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You're riding the Wasatch Crest Trail at 9700 feet. You picked a smallish T-shirt that shows off your muscles, and that wouldn't flap around during that awesome downhill into Mill Creek Canyon. When you get back to the car, the skin of your low back feels irritable. Reaching around, you discovered you've absolutely toasted a small stripe where the T-shirt left a gap above your shorts.

A sunburn is ultraviolet damage to the skin. Much of the damage can be repaired. But in the meantime, your confused immune system is attacking the skin as though it were a dangerous infection. So the treatment of sunburn is: calm the reaction while you heal.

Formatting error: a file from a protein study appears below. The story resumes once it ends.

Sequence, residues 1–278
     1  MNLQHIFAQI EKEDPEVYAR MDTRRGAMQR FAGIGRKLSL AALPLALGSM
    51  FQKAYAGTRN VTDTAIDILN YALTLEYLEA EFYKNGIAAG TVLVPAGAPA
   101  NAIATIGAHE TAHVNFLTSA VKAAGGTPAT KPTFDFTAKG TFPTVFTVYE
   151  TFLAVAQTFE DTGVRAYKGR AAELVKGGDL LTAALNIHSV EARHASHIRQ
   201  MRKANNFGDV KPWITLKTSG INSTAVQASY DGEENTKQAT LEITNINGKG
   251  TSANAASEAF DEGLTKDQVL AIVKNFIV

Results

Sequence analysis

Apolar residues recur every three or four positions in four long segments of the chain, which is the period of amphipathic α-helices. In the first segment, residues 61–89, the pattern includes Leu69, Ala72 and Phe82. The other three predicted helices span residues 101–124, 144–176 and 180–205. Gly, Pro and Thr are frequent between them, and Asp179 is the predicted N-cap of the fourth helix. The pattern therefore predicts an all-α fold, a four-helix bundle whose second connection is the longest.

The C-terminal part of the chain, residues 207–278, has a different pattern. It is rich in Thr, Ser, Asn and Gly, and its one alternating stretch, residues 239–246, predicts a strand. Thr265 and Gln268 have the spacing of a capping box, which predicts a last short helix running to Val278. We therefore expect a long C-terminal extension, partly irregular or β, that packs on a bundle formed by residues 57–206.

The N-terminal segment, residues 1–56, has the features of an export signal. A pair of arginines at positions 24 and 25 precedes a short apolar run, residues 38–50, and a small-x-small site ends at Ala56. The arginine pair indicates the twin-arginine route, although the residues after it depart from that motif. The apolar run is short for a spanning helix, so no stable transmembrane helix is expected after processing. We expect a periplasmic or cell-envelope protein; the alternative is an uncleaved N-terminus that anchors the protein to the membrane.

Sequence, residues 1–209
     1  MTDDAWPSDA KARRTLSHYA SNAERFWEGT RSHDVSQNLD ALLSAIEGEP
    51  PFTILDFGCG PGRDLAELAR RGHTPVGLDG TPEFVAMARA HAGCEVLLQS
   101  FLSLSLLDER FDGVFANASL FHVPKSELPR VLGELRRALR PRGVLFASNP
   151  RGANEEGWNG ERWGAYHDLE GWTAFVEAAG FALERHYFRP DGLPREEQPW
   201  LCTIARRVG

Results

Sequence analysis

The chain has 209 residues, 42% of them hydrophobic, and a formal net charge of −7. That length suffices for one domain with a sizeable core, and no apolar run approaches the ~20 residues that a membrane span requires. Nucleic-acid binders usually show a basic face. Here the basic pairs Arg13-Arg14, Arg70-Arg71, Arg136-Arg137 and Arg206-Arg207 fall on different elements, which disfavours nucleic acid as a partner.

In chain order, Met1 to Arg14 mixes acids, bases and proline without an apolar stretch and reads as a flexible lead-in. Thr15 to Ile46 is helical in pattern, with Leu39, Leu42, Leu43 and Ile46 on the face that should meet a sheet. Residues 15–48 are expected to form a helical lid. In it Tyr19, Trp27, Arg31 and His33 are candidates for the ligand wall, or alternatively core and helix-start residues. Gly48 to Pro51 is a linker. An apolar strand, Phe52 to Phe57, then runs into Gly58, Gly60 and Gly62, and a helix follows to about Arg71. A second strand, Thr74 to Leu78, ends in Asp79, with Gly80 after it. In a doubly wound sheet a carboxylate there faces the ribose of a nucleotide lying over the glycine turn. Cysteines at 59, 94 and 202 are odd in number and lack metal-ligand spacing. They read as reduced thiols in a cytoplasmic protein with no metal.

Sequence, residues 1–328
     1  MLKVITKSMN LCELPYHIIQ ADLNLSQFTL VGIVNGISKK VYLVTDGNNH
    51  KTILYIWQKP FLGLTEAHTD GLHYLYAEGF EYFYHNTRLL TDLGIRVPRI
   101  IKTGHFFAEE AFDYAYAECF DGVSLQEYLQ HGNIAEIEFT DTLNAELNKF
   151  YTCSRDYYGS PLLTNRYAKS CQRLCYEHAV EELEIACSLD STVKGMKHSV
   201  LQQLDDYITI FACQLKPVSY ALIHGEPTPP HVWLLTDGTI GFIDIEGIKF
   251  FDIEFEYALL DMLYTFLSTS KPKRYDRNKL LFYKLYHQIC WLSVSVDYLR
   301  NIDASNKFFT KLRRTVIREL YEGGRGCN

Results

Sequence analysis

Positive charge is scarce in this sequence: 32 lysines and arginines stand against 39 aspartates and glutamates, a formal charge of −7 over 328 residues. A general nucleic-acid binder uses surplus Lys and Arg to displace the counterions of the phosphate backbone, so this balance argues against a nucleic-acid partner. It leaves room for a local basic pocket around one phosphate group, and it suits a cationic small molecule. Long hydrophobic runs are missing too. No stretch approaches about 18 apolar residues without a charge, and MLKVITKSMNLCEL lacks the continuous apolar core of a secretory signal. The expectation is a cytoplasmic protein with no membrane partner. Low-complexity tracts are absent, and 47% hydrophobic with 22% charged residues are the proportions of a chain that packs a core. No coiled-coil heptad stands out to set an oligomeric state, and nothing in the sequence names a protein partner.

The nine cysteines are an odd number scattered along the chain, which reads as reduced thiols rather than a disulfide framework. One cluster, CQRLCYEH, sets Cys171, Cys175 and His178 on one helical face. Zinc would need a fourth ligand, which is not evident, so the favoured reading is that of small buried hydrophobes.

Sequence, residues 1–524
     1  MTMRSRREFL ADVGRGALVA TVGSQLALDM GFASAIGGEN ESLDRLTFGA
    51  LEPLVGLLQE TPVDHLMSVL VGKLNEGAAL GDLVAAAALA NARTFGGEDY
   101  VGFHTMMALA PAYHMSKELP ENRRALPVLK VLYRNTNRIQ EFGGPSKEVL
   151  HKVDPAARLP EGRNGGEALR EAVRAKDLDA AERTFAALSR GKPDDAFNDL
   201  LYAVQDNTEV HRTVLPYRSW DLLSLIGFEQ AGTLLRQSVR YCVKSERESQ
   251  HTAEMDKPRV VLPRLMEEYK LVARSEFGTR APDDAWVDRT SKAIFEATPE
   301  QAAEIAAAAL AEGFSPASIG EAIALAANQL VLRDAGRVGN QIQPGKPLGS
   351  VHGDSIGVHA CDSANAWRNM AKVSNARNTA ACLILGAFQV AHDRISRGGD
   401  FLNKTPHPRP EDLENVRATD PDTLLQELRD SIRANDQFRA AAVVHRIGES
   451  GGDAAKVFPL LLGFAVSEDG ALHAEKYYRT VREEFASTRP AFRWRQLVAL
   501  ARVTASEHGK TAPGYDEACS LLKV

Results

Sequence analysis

Typical "back stripe" of severe sunburn caused by a gap between the shirt and shorts. Note the raw, beaded appearance.

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A severe sunburn can blister. Swelling can create new permanent wrinkles. Doctors often give oral steroids (like prednisone or Medrol) for severely swollen or blistered sunburns. Infection is rare, but can occur if a blistered sunburn isn't protected.

Immediate care:
Put cool compresses on the burn. Take an anti-inflammatory medicine such as ibuprofen 600 mg four times a day. Gently apply hydrocortisone cream to the burned area. Kick yourself for not using sunblock.

Ongoing care:
The burn tends to become itchy after a couple of days. Continue to use hydrocortisone twice daily. Continue the anti-inflammatory medicine. For itching, take diphenhydramine (example, Benadryl) 50 mg every four hours.

See the doctor if:
    - the burn is severe and covers a large body area
    - the burn becomes swollen
    - pain or itching can't be controlled
    - skin becomes broken or bleeds

[First Aid Index Page]